The necessaries of life occasion the great expense of the poor. They find it difficult to get food, and the greater part of their little revenue is spent in getting it. The luxuries and vanities of life occasion the principal expense of the rich, and a magnificent house embellishes and sets off to the best advantage all the other luxuries and vanities which they possess. A tax upon house-rents, therefore, would in general fall heaviest upon the rich; and in this sort of inequality there would not, perhaps, be anything very unreasonable. It is not very unreasonable that the rich should contribute to the public expense, not only in proportion to their revenue, but something more than in that proportion.

Progressive tax - Wikipedia, the free encyclopedia

As long as that contribution is 'voluntary', and not 'legally mandated', I agree. It should be (and usually is) my personal choice to help others either financially, physically, spiritually or emotionally. It should not be 'required by law' that I do so.

Helping others is a moral issue, and we as a country generally fail when we try to legislate morallity.
 

digsbe

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I support a flat tax, it's the most fair. Rich people shouldn't have to pay a higher percentage simply because they have more.
 

Boo Radley

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Boo... interesting read.

Did you check out this part of my link? I'm still going over it myself, but it's pretty interesting.
It was an interesting read. I will continue to keep an open mind at this point. I suspect both sides will make this claim:

As with any simulation exercise, our results must be regarded with some caution. However, sensitivity tests indicate that our results are robust. This in turn suggests that many of the fears expressed about a flat tax are unwarranted.

;)
 

cpwill

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true. i would support no taxes on income up to the poverty line, but a flat tax after that. this way, everyone has skin in the game; i also find it to be more fair than a tax system that punishes you for doing good (intentionally did not use the word 'well').

a flat tax, furthermore, would provide a powerful boost to economic growth; which would help the poor far more than a progressive tax structure does.
 

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I support a flat tax, it's the most fair. Rich people shouldn't have to pay a higher percentage simply because they have more.
Isn't it amazing that the Bush tax cuts are demonized as a tax cut for the rich yet under the Bush tax cuts 47% of the workers in this country don't pay any Federal Income Taxes as a result of those Bush tax cuts. Further it is reported by the IRS that tax revenue from the rich has risen as a result of the Bush tax cuts. Liberals seem to have a problem with actual facts. Still support the flat tax and everyone should pay something.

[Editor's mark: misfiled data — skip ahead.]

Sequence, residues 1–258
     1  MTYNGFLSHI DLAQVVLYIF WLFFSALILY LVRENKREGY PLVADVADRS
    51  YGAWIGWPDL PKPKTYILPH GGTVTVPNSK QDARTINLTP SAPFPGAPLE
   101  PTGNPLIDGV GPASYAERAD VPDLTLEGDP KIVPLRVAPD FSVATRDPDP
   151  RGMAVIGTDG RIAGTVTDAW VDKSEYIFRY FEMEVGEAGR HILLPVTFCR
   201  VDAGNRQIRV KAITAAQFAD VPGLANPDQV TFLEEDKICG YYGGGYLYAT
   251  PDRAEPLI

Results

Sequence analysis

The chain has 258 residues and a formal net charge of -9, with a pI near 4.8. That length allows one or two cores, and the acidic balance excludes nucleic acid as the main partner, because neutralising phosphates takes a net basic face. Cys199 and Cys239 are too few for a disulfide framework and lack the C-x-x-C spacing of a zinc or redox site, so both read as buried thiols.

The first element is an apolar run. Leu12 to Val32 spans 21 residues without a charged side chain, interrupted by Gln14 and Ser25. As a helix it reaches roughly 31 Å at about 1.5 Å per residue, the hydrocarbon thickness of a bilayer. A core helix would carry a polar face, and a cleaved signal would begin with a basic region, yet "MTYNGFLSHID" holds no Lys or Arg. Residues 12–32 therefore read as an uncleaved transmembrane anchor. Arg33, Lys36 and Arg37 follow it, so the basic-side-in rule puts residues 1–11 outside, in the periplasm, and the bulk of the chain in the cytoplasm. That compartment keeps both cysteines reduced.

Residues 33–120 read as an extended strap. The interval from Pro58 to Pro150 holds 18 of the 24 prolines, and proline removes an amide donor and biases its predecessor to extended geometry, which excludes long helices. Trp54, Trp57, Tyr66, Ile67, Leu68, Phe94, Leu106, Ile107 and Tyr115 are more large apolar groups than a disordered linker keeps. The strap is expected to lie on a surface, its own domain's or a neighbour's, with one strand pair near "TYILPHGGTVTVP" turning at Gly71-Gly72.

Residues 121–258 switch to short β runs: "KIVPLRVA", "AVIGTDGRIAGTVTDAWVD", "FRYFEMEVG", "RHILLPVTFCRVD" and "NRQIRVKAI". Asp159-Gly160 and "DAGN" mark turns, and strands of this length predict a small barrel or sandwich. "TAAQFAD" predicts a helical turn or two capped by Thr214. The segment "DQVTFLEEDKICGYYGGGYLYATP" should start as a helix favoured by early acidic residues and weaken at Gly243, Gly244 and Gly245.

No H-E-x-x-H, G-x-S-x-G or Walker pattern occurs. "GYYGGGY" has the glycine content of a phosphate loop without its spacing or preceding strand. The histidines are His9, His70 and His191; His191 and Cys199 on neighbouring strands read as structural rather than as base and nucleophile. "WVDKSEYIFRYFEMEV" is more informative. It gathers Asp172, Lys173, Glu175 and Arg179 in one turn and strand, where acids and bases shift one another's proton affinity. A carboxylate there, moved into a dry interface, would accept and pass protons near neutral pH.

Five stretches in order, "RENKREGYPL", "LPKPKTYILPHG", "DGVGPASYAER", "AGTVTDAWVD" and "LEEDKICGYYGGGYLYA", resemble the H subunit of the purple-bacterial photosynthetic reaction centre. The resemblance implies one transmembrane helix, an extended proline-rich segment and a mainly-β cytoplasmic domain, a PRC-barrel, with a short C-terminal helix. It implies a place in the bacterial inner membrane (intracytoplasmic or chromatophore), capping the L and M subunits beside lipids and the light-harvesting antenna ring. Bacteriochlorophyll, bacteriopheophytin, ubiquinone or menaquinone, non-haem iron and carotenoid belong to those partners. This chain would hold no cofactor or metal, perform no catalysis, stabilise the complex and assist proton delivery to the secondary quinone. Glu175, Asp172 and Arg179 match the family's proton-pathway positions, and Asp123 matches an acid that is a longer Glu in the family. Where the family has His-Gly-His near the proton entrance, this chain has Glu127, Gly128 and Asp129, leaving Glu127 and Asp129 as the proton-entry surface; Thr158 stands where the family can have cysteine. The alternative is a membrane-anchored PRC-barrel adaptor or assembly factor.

TurtleDude

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Adam Smith, who wrote in The Wealth of Nations:
The necessaries of life occasion the great expense of the poor. They find it difficult to get food, and the greater part of their little revenue is spent in getting it. The luxuries and vanities of life occasion the principal expense of the rich, and a magnificent house embellishes and sets off to the best advantage all the other luxuries and vanities which they possess. A tax upon house-rents, therefore, would in general fall heaviest upon the rich; and in this sort of inequality there would not, perhaps, be anything very unreasonable. It is not very unreasonable that the rich should contribute to the public expense, not only in proportion to their revenue, but something more than in that proportion.

Progressive tax - Wikipedia, the free encyclopedia


so what-he has an opinion

the people who founded a nation that became the greatest in the world were against it/

their concept actually worked

I note the envious and class warfare types never address my point about the extra-constitutional power that a progressive tax gives congress and how a progressive tax means your vote can be bought by promses that what you want will be paid for by increasing the tax on others
 

pbrauer

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As long as that contribution is 'voluntary', and not 'legally mandated', I agree. It should be (and usually is) my personal choice to help others either financially, physically, spiritually or emotionally. It should not be 'required by law' that I do so.

Helping others is a moral issue, and we as a country generally fail when we try to legislate morallity.
Taxes are mandated and Adam Smith was talking about taxes, not charity.
 

Whovian

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so what-he has an opinion

the people who founded a nation that became the greatest in the world were against it/

their concept actually worked

I note the envious and class warfare types never address my point about the extra-constitutional power that a progressive tax gives congress and how a progressive tax means your vote can be bought by promses that what you want will be paid for by increasing the tax on others